At one point in Oliver Stone’s ’80s classic “Wall Street,” the lead character declares he’s not content with his lot in life. He’s thinking bigger. He’s angling to be “an entrepreneur in the Italian 15th century sense of the word — a mover, shaker.”
The entire premise of “Wall Street” is that of a young, smart, hard-charging American businessman looking to get rich, quick. But these Upstate entrepreneurs tell the Upstate Business Journal the entrepreneurial life is about humility and a whole lot of hard work, most of it while no one’s watching.
‘A humbling road’
Eric Cooperman had been thinking about it for years — a solution that would help eliminate alcohol spoilage wrought by a supply chain that is poorly designed to transport beer and wine across vast distances. In July, 2021, he launched Bottle Titan, a Greenville-based startup that, while getting a lot of positive attention from the Upstate’s startup ecosystem, is still just a startup.
“This is a whole new world to me,” says Cooperman, whose background is in the hospitality industry. “It’s definitely a humbling road to be on.”
Far from the idea of the “self-made, boot-strapping individualist,” Cooperman says entrepreneurship is not for the lone wolf.
“It’s easy to bring out your ego and power through — put your nose to the grindstone — and get things done, but you have to turn outward and relinquish that ego. You have to be vulnerable enough to raise your hand and say the one word a lot of people are afraid of, which is ‘Help.’”
He said even he has to remind himself he’s an entrepreneur from time to time.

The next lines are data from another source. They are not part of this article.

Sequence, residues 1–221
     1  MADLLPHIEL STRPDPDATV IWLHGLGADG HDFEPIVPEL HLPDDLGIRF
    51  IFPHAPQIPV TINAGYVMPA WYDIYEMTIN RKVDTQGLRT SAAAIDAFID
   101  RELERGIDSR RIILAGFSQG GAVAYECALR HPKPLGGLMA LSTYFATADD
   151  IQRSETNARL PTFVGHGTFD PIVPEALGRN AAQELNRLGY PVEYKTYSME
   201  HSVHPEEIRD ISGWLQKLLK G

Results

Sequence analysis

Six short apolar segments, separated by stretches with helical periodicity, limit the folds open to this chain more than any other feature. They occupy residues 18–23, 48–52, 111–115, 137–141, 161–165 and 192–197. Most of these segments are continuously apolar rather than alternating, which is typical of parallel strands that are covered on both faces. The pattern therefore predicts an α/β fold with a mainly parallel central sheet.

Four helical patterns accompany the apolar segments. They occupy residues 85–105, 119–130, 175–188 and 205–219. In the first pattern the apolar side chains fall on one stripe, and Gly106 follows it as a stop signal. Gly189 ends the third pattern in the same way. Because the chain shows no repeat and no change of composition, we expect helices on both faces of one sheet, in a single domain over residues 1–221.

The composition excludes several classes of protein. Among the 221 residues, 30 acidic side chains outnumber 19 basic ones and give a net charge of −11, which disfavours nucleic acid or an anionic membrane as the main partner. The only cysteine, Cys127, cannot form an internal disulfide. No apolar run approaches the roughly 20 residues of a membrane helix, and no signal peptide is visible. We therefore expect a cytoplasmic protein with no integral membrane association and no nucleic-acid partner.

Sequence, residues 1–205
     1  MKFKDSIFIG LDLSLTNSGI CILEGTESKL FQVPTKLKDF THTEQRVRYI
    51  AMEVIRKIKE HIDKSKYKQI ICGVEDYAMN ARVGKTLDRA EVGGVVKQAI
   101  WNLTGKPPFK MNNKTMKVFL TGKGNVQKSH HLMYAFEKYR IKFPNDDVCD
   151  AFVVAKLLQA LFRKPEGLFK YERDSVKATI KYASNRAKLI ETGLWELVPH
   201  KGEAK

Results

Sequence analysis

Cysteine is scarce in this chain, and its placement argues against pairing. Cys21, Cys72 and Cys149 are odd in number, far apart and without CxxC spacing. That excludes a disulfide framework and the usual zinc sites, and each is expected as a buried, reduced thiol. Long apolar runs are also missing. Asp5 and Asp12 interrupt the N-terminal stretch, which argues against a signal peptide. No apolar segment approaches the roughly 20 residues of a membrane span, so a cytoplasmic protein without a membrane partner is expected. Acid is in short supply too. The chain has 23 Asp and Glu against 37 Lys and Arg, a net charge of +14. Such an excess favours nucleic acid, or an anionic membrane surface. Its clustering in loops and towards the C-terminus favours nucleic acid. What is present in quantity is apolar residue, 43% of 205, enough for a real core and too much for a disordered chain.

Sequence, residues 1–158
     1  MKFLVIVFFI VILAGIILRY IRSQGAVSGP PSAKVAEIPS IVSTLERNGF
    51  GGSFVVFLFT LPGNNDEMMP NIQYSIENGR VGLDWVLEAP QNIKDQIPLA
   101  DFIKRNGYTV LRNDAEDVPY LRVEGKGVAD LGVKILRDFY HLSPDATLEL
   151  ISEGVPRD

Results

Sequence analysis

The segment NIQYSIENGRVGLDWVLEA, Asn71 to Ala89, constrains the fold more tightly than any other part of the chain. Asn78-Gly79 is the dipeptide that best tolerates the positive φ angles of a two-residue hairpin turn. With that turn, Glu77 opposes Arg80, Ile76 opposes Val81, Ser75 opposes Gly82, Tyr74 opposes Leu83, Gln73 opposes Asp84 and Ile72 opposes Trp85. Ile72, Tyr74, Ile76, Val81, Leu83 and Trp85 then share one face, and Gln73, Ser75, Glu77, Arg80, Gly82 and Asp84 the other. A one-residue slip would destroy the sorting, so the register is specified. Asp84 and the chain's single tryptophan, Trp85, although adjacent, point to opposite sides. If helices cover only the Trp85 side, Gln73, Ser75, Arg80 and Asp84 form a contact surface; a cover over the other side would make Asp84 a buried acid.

“We see the ultra-unicorn entrepreneurs and they have a certain air to them and I don’t feel like I have that swagger, that air. I still feel like a fish out of water. Even now, people say I’m an entrepreneur. I still don’t feel like that’s entirely true and it may take a while to feel that.”
NEXT Upstate’s Eric Weissmann says a big part of demystifying the idea of entrepreneurship is in telling the stories that quite often aren’t told.
“People tend to think it’s easier than it is because they only see the end product,” he says. “But the end product didn’t just happen. People don’t see all the iterations of that business, all the work going on behind the scenes that made it happen.”
As executive director of NEXT, Weissmann is in a unique position to hear those stories, which, truth be told, involve as much failure as they do success. But it’s the willingness to go through the failures that help successful entrepreneurs thrive.
“Embracing failure is key,” he says. “Which is always a tough thing. But, it’s okay to fail, to have the mindset of ‘let’s see what happens.’ And it’s a very liberating mindset.”
Strong mental game required
Dionne Sandiford, owner of custom embroidery and screen printing company Corporate Stitch, says entrepreneurs rise and fall based on how well they fight the battle of the mind.
“You’ve got to have thick skin — you can’t get your feelings hurt, go home and lick your wounds,” she warns. “You can’t let mistakes cripple you.” Instead, she says a founder must be willing to do the homework, do the research, know the competition, and adjust.
Not only that, she says being an entrepreneur is about believing in something bigger than oneself.
“My story is so heavily filtered and layered through my belief in God, it has to be part of my story, because when the bank account looked rough and I wondered why I’d left my corporate job, it was ‘Okay, God, it’s me and you, we gotta make it happen,” she says.
Oh, and money? Not the motivator many think it is.
“You cannot do this for the money, alone,” she says. “There’s not enough money. It doesn’t work that way. In the end, it’s knowing your purpose, what you were put here to do and doing it.”